Les beaux gosses (2009)
User ReviewsReview this title
What I find makes this movie so good is the performances of the actors, who instill such life into their characters. Lacoste is incredibly funny as the nerdy guy with low self-esteem, but whose hormones are constantly raging. Sonigo is just as funny as the heavy metal loving, mullet wearing best friend who longs for the most beautiful girl in the school. Alice Trémolière and Julie Scheibling are fantastic as Aurore and Laura, the two girls who Herve and Camel lust after with varying degrees of luck. One last mention should go to Noémie Lvovsky as Herve's mother, who never stops prying and loving her son. Honestly, her character was so believable not just because Lvovsky was so good, but I can relate as my mother was a lot like her. Which brings me the screenplay, which is great as it brings a sense of realism to all the proceedings. Nothing is too far-fetched in this movie, which brings it above most American comedies of this nature.
The soundtrack is excellent, and of course, Sattouf's direction is excellent. Yes, this is a very crude movie, with the majority of it being about sex and the various other activities a couple may get up to. Not everyone will enjoy it, the constant talk of masturbation, sex, french kissing (hence the title), and porn will put off people who do not feel comfortable with those subjects. But at the film's heart is a touching story of slowly discovering one's self, and thankfully Sattouf does not resort to sappiness and sentimentality with this theme. Unlike the many American comedies which end neatly with everything returning to normal, this ends in a way which mirrors how high school can really be (but I'm not going to spoil that here).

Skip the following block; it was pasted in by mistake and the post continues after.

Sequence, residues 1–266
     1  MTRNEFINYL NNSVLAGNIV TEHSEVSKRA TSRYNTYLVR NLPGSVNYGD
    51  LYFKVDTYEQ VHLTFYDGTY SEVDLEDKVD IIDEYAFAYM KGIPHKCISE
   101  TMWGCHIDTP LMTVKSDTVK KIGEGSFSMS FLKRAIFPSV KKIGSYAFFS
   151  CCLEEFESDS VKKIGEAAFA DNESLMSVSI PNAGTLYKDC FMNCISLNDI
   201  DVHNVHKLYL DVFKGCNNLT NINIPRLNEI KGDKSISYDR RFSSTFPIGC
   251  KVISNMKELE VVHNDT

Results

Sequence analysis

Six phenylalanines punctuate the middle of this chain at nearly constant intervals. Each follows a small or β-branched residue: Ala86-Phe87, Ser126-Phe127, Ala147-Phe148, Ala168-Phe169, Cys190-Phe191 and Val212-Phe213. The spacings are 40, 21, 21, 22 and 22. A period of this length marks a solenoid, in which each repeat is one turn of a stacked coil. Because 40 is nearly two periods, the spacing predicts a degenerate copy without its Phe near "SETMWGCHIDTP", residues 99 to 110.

Hervé goes up to Aurore (Alice Trémolière), one of the prettiest girls in his school, and asks her for a date, and she laughs. Aurore usually has a little entourage of blond, well-groomed boys around her. Before long however she sneaks off with Hervé and they kiss. Hervé may not be a relationship Aurore wants to acknowledge, but he's fine to practice on. And they go further.